As we prepare to see new members of this board sworn in at the end of this year, I urge those of you who will remain on this board to begin to redeem the reputation of this board by standing up and speaking out in favor of the values we hope to see our young Howard Countians using when they lead us in the next generation.

We can wait no longer to see a better board.

On September 20, the system tweeted: “Great Schools Make Great Communities.” We can’t be great if we fail to stand up against those who diminish their public responsibilities by allowing such unprincipled and dishonorable behavior.

Thank you for allowing me this opportunity to speak.

Colleen Morris
Good Evening Mrs. O’Connor and members of the Board.

My name is Colleen Morris. I am a teacher at Guilford Elementary, a member of the Howard County Education Association’s Board of Directors, and a tax paying citizen of Howard County. I am here to call your attention to what I believe were several serious errors in judgment from your previous meeting.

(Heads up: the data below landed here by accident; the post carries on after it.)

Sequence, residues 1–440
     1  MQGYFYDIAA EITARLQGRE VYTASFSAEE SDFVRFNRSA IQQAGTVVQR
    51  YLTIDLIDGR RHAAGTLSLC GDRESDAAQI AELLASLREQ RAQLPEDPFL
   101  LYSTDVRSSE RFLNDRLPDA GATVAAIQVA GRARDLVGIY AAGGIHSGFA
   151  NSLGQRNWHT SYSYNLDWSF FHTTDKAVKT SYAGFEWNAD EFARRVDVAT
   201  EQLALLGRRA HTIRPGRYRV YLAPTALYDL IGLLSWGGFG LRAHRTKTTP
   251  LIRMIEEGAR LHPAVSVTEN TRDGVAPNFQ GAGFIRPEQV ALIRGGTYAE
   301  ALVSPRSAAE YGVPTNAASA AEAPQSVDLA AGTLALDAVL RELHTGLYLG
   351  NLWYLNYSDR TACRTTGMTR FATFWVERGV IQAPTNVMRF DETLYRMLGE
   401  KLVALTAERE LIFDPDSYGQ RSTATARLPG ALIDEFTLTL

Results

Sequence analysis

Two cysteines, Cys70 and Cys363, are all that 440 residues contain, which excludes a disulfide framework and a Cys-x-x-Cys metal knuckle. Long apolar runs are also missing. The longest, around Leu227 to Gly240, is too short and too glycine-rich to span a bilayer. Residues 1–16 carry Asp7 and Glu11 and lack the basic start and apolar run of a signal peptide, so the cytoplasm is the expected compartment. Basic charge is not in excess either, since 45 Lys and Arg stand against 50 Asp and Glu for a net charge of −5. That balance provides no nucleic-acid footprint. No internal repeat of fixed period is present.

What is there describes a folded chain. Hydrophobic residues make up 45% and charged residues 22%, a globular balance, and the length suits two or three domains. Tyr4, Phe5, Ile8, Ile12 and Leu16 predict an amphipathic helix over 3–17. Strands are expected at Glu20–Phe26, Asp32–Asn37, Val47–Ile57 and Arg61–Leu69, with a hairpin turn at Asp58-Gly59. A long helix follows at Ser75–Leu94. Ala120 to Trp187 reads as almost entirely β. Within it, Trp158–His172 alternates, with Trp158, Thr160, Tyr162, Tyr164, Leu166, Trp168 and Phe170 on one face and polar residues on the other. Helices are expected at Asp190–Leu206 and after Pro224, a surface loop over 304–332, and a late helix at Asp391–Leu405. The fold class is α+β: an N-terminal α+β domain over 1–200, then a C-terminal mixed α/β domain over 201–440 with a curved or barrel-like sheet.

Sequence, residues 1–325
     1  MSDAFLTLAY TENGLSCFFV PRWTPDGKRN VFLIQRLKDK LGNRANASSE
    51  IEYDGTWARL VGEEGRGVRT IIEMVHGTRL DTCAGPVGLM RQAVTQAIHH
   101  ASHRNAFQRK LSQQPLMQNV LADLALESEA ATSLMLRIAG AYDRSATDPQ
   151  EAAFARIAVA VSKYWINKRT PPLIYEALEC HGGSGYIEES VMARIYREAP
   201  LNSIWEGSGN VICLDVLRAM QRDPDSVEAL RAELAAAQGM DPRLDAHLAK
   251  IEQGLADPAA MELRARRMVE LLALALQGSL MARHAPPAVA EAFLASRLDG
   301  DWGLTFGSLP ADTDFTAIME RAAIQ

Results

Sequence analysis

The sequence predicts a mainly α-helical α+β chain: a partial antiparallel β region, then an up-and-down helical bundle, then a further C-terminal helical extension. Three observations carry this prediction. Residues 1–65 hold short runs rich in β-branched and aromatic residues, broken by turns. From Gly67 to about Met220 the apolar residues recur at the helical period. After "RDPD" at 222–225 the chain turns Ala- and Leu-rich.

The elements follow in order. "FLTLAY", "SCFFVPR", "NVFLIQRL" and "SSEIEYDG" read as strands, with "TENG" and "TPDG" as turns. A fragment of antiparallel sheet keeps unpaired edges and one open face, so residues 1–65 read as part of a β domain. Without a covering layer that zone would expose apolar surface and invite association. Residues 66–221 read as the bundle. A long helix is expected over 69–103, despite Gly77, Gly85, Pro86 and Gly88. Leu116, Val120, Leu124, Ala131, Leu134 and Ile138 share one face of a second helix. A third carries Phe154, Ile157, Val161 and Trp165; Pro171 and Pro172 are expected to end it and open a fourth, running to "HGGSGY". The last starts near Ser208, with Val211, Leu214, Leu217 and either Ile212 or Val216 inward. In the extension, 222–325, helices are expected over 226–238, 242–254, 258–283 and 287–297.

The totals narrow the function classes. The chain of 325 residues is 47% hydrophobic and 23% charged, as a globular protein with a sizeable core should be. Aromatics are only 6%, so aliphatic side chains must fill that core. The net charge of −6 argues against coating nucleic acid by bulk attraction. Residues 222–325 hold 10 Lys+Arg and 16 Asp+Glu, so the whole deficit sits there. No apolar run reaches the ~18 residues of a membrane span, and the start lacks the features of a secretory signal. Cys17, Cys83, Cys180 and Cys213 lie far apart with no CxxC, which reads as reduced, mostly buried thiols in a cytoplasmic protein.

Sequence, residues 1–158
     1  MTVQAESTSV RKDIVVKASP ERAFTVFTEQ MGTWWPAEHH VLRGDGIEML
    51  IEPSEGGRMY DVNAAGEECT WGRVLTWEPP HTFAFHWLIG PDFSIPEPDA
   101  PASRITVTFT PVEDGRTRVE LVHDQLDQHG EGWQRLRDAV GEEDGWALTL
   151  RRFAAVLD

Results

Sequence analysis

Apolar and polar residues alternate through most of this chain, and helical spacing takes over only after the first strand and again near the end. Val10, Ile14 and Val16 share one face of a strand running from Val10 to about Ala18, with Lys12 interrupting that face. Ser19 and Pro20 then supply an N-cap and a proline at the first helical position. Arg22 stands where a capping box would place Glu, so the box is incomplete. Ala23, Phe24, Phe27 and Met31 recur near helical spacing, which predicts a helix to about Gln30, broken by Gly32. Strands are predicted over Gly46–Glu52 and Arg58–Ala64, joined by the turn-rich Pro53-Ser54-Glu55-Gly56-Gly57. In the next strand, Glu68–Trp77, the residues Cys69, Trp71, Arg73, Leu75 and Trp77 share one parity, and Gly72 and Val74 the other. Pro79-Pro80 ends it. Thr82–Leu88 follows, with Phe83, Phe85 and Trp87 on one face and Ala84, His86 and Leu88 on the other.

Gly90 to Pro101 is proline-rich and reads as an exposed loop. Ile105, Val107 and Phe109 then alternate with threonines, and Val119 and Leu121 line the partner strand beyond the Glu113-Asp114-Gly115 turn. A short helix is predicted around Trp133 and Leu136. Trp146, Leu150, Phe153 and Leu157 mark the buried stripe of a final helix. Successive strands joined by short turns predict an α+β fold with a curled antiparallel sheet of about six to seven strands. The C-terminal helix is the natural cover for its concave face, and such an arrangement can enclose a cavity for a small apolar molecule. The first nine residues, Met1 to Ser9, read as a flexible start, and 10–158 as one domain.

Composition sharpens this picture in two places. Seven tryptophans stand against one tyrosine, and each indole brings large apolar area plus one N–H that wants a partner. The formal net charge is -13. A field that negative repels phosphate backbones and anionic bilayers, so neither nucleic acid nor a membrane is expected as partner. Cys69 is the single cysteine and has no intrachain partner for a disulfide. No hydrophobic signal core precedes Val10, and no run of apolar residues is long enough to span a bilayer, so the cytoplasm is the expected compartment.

At your meeting on September 22, 2016, you allowed public forum to be hijacked by a failed candidate for the Board of Education that was attempting to smear one of your colleagues. This failed 
candidate, Mike Smith, is well known to you, as he was the running mate of the current Board Chair, and was vocally supported by Ms. DeLacy.

The chair, and by extension, all of you, allowed Mr. Smith to make a series of unsubstantiated allegations, attacking the character, integrity, and even the mental health of a Board member. There was no pretense made of bringing any actual business or testimony of interest to the Board. He was allowed to continue well beyond the normal time limit, until Dr. Altwerger’s strenuous objections finally brought an end to the abuse that lasted for 4 minutes and 24 seconds.